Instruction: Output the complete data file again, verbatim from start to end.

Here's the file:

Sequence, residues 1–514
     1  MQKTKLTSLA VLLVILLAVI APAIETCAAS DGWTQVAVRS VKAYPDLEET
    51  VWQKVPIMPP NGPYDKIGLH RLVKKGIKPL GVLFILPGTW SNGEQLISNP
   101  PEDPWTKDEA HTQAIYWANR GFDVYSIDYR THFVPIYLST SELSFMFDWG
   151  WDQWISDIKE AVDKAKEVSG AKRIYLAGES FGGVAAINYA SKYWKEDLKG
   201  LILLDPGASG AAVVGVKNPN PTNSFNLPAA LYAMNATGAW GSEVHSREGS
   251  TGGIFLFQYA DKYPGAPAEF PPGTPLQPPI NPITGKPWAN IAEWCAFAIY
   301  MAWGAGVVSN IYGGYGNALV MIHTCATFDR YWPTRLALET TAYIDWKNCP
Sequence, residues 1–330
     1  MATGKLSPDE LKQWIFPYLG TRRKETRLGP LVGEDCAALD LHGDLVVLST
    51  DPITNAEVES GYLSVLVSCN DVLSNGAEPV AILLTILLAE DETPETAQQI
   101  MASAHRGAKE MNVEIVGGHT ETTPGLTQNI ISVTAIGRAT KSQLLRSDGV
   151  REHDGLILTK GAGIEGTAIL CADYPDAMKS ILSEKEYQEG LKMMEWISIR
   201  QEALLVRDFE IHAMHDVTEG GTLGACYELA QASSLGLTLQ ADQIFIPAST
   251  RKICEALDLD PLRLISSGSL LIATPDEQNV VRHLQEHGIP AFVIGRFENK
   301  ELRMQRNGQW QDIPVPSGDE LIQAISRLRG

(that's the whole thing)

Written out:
Sequence, residues 1–514
     1  MQKTKLTSLA VLLVILLAVI APAIETCAAS DGWTQVAVRS VKAYPDLEET
    51  VWQKVPIMPP NGPYDKIGLH RLVKKGIKPL GVLFILPGTW SNGEQLISNP
   101  PEDPWTKDEA HTQAIYWANR GFDVYSIDYR THFVPIYLST SELSFMFDWG
   151  WDQWISDIKE AVDKAKEVSG AKRIYLAGES FGGVAAINYA SKYWKEDLKG
   201  LILLDPGASG AAVVGVKNPN PTNSFNLPAA LYAMNATGAW GSEVHSREGS
   251  TGGIFLFQYA DKYPGAPAEF PPGTPLQPPI NPITGKPWAN IAEWCAFAIY
   301  MAWGAGVVSN IYGGYGNALV MIHTCATFDR YWPTRLALET TAYIDWKNCP
Sequence, residues 1–330
     1  MATGKLSPDE LKQWIFPYLG TRRKETRLGP LVGEDCAALD LHGDLVVLST
    51  DPITNAEVES GYLSVLVSCN DVLSNGAEPV AILLTILLAE DETPETAQQI
   101  MASAHRGAKE MNVEIVGGHT ETTPGLTQNI ISVTAIGRAT KSQLLRSDGV
   151  REHDGLILTK GAGIEGTAIL CADYPDAMKS ILSEKEYQEG LKMMEWISIR
   201  QEALLVRDFE IHAMHDVTEG GTLGACYELA QASSLGLTLQ ADQIFIPAST
   251  RKICEALDLD PLRLISSGSL LIATPDEQNV VRHLQEHGIP AFVIGRFENK
   301  ELRMQRNGQW QDIPVPSGDE LIQAISRLRG